Levy, Palmer, Piemonte, Perkins and Yancy were unequivocally in support of setting the lot aside for affordable housing development. 

Fisher, Goode and Ward were noncommittal, agreeing that setting aside lots is necessary but stopping short of saying this specific location should be bookmarked. “We need to make sure it’s the right deal for affordable housing … I won’t go into it quickly saying yes or no,” Goode said.

Gray said he was supportive but “wouldn’t tell another alderman that you should do this.”

A South Shore Community Benefits Agreement

As construction on the OPC progresses, CBA Coalition organizers are calling for similar affordable housing protections in South Shore, which they say were cut out from the Woodlawn ordinance. 

In November 2021, the coalition announced its demands for South Shore. Among these demands are protections and subsidies for both homeowners and tenants, as well as the bookmarking of all city-owned vacant lots for affordable housing development.

Levy, Palmer, Piemonte, Perkins and Yancy all said they would introduce such an ordinance.

Goode said his hesitancy stems from there being too many demands for the city and not enough about “the role of the community.”

Voicing her opposition for a South Shore Community Benefits Agreement, Fisher said there aren’t enough city-owned lots for residents to purchase and that she “isn’t just trying to get (constituents’) votes.”

Offering partial support for the demands, Gray said he was hesitant to commit to setting aside 100% of city-owned lots for affordable housing development. 

Parks, the University of Chicago and police in schools

Turning to questions from the audience, candidates talked area park preservation, an alderman’s role in working with the University of Chicago and the presence of police in schools.

Palmer, Piemonte and Yancy and said they support preserving Promontory Point’s limestone revetment. Every candidate said they value local parks and supported preservation of the lakeshore. 

Piemonte suggested extending the city’s landmark ordinance beyond the built environment to include the cultivated environment. Goode suggested that the important question wasn’t about whether candidates support preservation but about how to organize the community so that constituents can get what they want.

Noting that the University of Chicago is one of the South Side’s largest employers and a major development driver in the 5th Ward, candidates were asked what demands they had for the institution.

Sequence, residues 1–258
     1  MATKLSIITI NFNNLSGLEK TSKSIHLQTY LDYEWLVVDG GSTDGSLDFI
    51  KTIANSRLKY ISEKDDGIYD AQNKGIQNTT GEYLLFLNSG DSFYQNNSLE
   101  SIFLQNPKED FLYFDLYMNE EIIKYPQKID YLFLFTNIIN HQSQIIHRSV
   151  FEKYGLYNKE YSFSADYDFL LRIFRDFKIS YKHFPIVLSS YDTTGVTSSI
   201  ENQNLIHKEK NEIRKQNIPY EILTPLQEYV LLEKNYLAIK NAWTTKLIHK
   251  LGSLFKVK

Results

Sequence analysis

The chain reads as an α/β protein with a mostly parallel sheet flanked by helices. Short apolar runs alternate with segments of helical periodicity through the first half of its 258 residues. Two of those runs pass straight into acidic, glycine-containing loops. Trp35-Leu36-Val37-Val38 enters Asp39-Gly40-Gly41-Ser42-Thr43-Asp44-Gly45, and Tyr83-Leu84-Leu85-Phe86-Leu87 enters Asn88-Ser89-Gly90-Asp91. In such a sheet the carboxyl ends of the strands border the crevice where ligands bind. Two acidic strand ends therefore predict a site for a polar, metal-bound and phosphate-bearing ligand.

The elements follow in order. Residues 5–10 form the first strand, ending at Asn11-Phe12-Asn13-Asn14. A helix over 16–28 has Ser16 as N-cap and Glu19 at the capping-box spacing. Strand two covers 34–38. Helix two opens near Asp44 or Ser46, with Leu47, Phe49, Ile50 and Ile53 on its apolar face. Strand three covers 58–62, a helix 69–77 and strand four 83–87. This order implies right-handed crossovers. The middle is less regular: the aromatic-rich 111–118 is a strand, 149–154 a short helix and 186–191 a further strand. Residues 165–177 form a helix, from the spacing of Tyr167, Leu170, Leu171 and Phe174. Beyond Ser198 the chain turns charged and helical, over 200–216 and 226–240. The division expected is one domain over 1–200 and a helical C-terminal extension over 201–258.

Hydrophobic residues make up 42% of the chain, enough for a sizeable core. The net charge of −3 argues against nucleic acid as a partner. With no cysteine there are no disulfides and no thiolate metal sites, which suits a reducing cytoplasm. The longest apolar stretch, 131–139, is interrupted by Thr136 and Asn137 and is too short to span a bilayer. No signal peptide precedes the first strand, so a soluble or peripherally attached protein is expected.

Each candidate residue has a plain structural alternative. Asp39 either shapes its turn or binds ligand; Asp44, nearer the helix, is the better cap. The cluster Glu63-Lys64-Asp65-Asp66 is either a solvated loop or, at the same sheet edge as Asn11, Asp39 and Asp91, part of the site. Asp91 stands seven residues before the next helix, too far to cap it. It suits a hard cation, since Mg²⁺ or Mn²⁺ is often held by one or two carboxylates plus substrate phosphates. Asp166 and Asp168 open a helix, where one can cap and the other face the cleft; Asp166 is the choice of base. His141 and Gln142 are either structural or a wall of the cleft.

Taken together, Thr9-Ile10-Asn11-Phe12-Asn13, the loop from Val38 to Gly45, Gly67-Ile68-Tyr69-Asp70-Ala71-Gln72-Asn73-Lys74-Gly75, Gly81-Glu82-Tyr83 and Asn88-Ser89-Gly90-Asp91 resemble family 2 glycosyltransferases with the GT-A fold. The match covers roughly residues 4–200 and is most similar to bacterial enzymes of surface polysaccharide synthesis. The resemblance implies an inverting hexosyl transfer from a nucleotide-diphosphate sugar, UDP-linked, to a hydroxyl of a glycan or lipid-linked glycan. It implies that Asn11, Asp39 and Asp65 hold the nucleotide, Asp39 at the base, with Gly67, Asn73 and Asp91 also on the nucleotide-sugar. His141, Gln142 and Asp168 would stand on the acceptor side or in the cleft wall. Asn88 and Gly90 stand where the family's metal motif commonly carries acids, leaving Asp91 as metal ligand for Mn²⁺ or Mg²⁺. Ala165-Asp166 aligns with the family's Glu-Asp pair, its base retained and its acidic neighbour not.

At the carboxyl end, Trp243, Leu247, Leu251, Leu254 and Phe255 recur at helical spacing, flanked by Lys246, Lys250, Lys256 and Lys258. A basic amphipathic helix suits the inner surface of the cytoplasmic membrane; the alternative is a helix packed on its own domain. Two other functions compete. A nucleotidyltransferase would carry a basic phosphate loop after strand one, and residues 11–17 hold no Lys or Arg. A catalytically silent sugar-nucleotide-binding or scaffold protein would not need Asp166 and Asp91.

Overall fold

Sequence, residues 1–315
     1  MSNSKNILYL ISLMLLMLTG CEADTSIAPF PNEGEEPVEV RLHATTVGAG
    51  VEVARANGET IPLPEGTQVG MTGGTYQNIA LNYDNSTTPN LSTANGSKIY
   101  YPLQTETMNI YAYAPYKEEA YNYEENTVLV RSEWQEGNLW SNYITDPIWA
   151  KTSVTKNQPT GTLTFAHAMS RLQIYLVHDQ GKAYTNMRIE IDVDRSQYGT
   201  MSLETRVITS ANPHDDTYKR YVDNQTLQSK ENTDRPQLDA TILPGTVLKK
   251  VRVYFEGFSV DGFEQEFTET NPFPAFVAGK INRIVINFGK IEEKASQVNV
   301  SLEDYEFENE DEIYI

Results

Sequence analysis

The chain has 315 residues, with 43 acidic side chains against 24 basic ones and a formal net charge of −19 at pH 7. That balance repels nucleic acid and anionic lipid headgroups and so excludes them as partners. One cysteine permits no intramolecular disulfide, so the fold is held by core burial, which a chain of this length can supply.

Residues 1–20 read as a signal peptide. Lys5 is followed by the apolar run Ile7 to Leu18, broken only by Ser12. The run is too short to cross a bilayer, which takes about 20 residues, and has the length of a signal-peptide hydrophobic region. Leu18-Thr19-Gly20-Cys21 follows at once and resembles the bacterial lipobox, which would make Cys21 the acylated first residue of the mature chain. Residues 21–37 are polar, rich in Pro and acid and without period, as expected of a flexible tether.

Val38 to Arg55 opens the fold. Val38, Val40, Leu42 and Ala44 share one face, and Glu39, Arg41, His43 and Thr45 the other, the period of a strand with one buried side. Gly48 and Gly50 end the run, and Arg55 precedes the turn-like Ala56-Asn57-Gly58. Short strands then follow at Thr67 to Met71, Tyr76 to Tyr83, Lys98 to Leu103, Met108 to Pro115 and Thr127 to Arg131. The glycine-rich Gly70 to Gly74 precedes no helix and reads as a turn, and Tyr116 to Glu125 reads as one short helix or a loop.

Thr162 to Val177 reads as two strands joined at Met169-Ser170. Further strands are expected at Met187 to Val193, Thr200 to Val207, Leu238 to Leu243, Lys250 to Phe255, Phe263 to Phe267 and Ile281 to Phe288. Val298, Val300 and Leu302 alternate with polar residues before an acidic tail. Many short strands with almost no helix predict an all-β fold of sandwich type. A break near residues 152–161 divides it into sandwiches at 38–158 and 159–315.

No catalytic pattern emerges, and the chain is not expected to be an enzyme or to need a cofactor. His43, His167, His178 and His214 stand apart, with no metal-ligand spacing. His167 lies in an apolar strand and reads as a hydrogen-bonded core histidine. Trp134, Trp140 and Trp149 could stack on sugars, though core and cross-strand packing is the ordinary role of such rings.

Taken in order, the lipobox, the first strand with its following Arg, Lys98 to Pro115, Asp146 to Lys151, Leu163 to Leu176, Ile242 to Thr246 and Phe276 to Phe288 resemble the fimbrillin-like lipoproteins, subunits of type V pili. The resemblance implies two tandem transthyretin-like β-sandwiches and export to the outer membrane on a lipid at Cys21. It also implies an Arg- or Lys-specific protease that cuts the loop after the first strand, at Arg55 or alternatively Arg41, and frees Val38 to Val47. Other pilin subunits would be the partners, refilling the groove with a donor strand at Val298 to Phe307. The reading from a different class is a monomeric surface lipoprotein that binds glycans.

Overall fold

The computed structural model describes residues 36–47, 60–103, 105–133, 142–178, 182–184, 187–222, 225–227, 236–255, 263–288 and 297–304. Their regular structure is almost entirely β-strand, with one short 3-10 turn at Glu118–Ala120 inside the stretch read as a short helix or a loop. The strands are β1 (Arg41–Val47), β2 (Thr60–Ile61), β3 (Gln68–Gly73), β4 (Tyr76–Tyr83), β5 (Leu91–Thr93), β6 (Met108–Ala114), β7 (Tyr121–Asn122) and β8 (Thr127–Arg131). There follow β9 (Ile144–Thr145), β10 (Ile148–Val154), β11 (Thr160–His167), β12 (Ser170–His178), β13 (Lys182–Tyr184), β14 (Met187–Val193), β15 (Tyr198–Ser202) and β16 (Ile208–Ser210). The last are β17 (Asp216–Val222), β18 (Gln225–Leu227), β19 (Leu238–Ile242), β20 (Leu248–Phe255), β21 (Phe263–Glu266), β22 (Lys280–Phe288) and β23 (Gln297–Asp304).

Gray suggested the U. of C. “expand their police force” southward. Fisher, Lee, Perkins, Ward and Yancy said the alderman and community members should have a seat at the table in development plans and said the university should be more transparent about them.

Levy, Piemonte and Palmer stressed ‘reparative justice,’ saying the university should invest funds back into the surrounding community. 

Every candidate supported economic development, job creation, more activities for youth and restorative justice programs as means of improving public safety. 

Ward and Yancy also advocated for expanding the city’s mental health services and Piemonte discussed housing security as key to violence reduction; Goode said a “comprehensive plan” is needed to deal with “war zone” areas on the South Side.

When the discussion turned to police in schools, the panel and crowd became raucous.

Younger members of the audience chanted “Whose schools? Our schools!” and “Whose community? Our community!” or interrupted to debate candidates as the City Council hopefuls shared their stance school police.

When Fisher, a former teacher, said she was grateful for metal detectors and officers in her former school, she was met with angered shouts from the crowd, drowning her out.

Almost all candidates said they support restorative justice practitioners to intervene in schools as an alternative to police, but were hesitant to say they wanted police removed entirely. 

Piemonte said all police need to be removed from schools across Chicago Public Schools. Perkins and Yancy both said they’re personally against police in schools.

The 2023 municipal election is Feb. 28. If no candidate gets more than 50% of the vote, a run-off election will take place on April 4.

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January 28, 2023 at 06:17PM